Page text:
In the field beside us the calves are grazing with their mothers. I got off to photograph some of them. They are so very pretty. One or two were curious but shy. I like to think their mothers recognise me as the woman who uproots sticky weed from my side of the barbed wire fence to give them. Certainly they seem unconcerned by my presence, and do nothing to warn their calves not to speak to me.


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Vale Billie

I wrote quite a lot about Billie when I visited Melbourne nearly two years ago. I told my friend Vicki to warn Billie I’d be relying on her for canine comfort as I’d be missing MasterB. She’s not a cuddlesome dog, said Vicki. But in the wayward manner of pets who like to prove their owners wrong, Billie decided immediately I was someone she’d like to cuddle her, and our bond was established. She was elderly then, her gait a bit wobbly, and made me think of a refined lady who’d had a bit too much Sherry but was still game for a knees up.cropped-photo-201611201341297011.jpg Continue reading

Day Three on das Boot

Day three on the twenty-five foot boat and I’m settling in. Too bad I have to go home tomorrow. In the fields the hay is baled, the leeks have been harvested, something tall that looks like corn is still growing. Men are out and about with guns. Maybe women too. I haven’t seen them, just heard them. And last night there were fireworks.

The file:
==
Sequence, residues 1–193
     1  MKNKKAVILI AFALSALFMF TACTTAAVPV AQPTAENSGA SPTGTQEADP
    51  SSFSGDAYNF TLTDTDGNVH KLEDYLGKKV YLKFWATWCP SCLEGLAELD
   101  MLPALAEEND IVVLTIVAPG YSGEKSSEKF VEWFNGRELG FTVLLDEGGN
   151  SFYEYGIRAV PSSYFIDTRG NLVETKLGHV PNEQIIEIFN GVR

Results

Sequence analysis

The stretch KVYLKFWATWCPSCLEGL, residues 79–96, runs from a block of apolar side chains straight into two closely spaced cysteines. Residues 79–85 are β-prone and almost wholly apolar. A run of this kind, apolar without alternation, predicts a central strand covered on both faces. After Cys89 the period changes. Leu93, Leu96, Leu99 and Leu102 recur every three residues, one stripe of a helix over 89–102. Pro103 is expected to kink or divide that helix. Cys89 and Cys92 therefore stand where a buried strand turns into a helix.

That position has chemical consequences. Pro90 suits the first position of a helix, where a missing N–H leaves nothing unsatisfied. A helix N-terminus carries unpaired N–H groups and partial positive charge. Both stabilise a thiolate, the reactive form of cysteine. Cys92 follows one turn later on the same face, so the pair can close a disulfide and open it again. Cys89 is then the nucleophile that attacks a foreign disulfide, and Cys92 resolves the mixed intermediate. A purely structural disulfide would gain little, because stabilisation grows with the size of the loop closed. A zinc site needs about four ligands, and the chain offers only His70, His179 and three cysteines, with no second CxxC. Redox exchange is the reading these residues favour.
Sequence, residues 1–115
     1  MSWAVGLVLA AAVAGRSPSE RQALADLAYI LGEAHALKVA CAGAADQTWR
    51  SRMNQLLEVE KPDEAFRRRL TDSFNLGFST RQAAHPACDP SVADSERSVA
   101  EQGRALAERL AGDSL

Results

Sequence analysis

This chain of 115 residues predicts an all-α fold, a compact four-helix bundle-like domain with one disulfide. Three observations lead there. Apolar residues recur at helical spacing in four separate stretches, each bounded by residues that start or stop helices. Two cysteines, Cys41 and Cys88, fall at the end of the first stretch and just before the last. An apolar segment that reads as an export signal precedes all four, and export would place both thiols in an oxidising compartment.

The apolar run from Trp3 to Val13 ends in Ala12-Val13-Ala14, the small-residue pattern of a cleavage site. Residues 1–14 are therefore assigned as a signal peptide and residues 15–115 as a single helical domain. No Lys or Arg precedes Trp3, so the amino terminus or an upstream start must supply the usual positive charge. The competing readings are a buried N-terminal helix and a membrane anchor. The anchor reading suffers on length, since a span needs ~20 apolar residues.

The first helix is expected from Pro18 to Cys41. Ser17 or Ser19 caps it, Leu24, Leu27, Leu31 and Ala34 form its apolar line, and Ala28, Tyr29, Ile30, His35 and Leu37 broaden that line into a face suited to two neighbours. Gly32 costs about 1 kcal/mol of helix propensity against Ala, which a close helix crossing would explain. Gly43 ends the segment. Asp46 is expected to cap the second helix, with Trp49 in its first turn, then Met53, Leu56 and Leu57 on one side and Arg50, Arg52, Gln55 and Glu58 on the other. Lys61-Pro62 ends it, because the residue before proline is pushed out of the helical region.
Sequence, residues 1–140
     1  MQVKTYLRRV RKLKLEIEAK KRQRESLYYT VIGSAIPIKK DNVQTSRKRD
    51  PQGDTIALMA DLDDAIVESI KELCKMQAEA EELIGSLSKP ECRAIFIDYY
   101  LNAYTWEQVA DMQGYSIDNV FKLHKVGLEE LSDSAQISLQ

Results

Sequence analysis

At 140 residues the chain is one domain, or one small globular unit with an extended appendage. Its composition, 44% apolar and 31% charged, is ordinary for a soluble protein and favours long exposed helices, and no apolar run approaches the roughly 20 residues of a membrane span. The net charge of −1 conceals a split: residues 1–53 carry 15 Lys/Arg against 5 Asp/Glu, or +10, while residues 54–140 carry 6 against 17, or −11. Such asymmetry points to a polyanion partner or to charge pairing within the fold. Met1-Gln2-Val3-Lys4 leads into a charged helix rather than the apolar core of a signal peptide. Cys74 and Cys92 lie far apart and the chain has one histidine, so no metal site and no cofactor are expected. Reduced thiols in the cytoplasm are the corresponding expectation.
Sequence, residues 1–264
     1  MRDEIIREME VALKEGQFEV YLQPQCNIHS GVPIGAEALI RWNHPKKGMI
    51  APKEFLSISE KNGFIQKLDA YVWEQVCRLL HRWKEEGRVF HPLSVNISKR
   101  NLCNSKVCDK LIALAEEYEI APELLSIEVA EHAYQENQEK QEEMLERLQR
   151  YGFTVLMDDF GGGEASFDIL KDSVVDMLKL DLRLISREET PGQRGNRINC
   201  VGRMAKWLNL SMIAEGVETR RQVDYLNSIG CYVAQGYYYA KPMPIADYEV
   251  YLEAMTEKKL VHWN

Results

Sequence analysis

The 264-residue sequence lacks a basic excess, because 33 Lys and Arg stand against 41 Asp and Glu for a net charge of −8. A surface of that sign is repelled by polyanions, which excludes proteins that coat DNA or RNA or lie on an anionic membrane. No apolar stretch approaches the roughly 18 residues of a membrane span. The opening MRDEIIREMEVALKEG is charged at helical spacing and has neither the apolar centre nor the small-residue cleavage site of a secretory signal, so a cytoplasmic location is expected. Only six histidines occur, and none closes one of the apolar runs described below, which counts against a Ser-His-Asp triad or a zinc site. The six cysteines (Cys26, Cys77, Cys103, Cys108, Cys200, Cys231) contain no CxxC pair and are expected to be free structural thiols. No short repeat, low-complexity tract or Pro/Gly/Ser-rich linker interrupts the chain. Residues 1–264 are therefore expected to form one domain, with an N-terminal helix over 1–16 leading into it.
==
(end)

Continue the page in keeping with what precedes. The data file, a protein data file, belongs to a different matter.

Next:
Who needs fireworks when you can listen to owls calling to each other?
I grew up in the country, and although now I consider myself a Londoner, there is something about the country that calls me, resonates with me. I’ve picked blackberries and my finger nails have been rimed with purple. I helped myself to windfall apples someone had left in a wheelbarrow outside their house. If I hadn’t stopped to talk to the cows in the field next to the marina I should have missed this skin shed by a snake.

Snake skin in the grass

Meanwhile meals have been enlivened by visiting swans. This one comes with her cygnet, approaches the boat then hisses if I so much as look at her offspring.

Visiting swan and cygnet

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the end of the day

I’m working on Monday so it’s back to the Smoke tomorrow. The forecast is for
a hot day, so I’ll try to leave in the morning. The evening might be cooler, but there’ll be lots of traffic with people returning at the end of the weekend.